To the outer world, beyond the immediate circles of his friends and companions, Daniel Webster seemed to be a reserved, reticent, even austere man. It was only to the familiar and trusted few that he unbosomed himself; and they alone could form a full judgment of his virtues and failings. He had few intimate advisers, and knew how to keep his own secrets. It was rarely that he talked even with his friends about public men or measures; rarely that he touched upon the deeper problems (of which, nevertheless, he thought much and often) concerning the soul and its destiny. He did not "let himself out," and display his lighter, frolicsome, and humorous moods, except in presence of those whom he had known long and well, and between whom and himself there existed strong mutual attachment. Those who did know him as he was, however, were aware that not only was he simple in manners, and often boyish in spirits; not only was he hearty, hospitable, and affectionate, steadfast in his love of his family and his attachment to his friends, kind of heart towards men and towards animals, courteous to his adversaries,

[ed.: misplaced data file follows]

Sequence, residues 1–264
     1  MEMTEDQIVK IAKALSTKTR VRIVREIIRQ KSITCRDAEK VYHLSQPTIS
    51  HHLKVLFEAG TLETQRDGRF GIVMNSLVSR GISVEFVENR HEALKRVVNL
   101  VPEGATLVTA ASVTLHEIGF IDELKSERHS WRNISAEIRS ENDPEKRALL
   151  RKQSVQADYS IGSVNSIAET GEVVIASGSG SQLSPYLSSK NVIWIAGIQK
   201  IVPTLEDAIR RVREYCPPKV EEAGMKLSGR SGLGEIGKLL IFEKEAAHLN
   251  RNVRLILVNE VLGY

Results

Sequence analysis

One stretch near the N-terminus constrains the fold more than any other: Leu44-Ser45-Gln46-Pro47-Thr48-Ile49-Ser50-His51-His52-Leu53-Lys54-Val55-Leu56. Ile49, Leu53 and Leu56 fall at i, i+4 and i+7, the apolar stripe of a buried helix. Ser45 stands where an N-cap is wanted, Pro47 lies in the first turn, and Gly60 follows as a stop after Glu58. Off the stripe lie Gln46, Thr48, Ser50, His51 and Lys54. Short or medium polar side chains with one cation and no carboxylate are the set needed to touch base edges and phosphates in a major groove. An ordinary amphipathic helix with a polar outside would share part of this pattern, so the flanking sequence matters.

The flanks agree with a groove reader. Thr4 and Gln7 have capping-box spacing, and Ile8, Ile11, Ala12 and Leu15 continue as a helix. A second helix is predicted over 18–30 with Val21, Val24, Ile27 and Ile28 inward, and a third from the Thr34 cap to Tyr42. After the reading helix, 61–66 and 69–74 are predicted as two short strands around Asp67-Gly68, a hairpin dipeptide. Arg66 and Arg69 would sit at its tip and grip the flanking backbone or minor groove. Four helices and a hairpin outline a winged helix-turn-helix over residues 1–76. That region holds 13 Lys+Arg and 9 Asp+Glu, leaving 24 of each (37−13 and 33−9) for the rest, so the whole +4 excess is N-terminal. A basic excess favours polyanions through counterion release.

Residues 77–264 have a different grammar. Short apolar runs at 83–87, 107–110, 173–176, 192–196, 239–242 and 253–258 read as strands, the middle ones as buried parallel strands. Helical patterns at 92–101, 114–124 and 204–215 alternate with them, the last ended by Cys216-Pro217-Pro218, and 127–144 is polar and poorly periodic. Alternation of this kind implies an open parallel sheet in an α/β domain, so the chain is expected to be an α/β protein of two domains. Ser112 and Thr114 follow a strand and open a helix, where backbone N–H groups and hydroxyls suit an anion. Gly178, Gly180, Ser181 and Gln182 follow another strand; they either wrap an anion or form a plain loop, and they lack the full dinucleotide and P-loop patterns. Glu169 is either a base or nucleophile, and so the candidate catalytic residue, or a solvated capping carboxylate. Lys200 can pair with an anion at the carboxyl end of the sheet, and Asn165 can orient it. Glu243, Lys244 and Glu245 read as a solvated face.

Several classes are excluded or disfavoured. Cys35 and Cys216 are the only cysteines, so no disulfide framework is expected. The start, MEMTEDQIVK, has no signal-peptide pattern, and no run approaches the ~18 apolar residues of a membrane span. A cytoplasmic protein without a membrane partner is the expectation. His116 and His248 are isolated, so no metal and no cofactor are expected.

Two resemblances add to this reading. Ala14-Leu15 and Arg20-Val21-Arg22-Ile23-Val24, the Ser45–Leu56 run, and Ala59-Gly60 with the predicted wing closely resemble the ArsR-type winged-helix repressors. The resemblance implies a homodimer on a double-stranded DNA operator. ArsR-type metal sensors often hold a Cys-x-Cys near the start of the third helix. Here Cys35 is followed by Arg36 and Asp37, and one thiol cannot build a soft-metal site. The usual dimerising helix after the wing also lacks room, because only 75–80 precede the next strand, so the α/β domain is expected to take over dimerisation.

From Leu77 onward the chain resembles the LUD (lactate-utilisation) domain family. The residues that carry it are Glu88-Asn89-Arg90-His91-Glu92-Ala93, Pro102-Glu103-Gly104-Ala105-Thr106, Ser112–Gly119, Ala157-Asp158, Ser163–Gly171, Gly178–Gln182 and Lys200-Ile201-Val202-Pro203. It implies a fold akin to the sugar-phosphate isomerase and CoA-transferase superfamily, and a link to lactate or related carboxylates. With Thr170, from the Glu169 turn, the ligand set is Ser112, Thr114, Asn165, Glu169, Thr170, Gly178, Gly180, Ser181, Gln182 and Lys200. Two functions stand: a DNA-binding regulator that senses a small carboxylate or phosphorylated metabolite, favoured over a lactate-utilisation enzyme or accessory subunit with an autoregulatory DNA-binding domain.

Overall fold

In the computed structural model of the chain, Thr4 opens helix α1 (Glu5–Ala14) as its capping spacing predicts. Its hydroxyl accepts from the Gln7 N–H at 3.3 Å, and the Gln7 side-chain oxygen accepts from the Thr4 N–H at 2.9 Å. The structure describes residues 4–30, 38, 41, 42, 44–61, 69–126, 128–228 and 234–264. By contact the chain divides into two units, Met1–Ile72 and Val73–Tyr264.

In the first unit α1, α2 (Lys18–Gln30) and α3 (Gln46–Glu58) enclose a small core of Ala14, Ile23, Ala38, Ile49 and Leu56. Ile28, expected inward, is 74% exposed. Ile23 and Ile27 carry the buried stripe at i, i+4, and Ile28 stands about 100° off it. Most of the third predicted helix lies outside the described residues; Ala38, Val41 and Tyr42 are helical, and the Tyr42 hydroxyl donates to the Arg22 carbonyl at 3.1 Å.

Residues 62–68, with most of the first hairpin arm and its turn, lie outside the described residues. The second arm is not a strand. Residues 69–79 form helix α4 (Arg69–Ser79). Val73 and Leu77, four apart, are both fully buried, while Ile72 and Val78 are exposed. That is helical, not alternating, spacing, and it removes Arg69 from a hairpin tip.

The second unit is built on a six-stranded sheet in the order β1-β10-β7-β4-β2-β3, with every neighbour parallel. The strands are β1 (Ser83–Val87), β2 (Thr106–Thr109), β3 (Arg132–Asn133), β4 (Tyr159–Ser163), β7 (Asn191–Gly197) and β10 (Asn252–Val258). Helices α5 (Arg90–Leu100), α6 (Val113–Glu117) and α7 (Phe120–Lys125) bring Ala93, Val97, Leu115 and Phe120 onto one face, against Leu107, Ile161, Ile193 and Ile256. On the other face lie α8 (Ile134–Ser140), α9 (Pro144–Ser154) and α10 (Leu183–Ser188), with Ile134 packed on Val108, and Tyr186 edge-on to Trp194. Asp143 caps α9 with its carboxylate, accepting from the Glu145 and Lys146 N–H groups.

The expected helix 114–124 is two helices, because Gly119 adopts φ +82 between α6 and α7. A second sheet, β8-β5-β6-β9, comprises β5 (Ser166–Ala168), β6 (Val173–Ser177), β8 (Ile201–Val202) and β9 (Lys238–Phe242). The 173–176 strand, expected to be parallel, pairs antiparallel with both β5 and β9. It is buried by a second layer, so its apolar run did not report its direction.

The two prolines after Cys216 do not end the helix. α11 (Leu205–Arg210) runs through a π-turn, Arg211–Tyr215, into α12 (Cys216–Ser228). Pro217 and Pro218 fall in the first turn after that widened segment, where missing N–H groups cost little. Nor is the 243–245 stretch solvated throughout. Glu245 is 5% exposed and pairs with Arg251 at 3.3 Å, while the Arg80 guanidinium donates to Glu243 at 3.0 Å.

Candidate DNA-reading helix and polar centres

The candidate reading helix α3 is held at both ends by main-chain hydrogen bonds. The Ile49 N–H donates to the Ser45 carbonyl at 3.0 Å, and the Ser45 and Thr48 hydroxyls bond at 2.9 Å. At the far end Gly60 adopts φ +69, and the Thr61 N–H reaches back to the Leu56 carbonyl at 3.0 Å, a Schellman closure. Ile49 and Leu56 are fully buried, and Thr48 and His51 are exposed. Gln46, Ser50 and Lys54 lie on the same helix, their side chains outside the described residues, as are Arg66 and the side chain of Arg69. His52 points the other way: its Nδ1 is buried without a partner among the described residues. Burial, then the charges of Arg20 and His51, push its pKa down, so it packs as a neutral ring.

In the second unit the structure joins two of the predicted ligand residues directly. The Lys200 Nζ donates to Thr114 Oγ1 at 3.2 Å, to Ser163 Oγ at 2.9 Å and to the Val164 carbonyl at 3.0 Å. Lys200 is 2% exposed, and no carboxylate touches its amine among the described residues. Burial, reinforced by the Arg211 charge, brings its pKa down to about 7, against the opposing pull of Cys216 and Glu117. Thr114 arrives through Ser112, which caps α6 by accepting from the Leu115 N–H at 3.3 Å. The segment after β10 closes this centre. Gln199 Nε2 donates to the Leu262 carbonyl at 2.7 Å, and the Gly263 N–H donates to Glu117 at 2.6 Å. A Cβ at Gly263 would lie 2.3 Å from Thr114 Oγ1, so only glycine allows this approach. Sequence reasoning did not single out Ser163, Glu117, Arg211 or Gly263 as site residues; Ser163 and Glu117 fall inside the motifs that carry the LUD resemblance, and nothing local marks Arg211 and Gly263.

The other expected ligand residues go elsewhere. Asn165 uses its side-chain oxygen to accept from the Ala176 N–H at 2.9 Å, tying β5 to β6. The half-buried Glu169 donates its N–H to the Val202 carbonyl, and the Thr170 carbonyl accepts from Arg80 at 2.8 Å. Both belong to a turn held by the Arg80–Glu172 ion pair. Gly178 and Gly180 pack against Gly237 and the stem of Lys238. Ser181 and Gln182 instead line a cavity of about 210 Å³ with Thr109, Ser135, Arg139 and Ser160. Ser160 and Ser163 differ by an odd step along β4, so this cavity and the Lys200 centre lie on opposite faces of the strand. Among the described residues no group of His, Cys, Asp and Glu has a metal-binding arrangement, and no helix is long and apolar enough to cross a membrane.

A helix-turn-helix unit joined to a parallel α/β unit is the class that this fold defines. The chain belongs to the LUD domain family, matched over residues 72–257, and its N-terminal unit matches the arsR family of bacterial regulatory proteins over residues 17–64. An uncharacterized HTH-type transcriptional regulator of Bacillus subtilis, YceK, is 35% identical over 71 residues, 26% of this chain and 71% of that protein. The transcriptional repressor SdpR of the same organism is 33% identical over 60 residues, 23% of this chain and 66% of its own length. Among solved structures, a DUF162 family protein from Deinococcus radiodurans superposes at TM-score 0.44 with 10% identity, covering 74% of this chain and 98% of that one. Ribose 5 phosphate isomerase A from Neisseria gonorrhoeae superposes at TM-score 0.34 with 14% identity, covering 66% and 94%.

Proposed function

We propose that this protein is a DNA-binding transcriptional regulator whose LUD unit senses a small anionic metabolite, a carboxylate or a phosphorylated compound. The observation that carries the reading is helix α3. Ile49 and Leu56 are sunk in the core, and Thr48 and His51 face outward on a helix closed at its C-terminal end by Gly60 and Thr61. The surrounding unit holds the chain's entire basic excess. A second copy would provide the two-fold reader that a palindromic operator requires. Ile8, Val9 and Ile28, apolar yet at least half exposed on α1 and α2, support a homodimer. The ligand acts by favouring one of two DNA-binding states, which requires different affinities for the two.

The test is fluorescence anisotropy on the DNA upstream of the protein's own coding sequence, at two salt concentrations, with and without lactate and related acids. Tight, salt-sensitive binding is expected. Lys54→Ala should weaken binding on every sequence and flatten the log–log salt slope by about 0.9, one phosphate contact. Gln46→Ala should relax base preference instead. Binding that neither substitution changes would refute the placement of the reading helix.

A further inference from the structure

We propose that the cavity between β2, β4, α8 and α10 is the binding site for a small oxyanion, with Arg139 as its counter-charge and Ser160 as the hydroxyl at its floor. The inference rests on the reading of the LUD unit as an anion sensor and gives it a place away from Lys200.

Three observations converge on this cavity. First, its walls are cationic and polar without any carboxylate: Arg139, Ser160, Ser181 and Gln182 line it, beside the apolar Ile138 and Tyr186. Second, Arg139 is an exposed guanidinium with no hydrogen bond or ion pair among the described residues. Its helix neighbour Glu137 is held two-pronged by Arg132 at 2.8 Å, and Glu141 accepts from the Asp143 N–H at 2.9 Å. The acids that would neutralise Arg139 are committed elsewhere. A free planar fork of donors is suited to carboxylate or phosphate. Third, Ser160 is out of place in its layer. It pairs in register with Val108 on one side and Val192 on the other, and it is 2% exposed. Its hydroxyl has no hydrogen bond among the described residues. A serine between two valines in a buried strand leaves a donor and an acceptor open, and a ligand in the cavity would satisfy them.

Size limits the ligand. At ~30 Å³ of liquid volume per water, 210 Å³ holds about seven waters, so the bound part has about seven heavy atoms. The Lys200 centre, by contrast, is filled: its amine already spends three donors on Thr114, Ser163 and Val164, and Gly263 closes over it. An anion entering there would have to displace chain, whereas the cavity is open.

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Publication information: Book title: Reminiscences and Anecdotes of Daniel Webster. Contributors: Peter Harvey - Author. Publisher: Little, Brown and Company. Place of publication: Boston. Publication year: 1877. Page number: 316.
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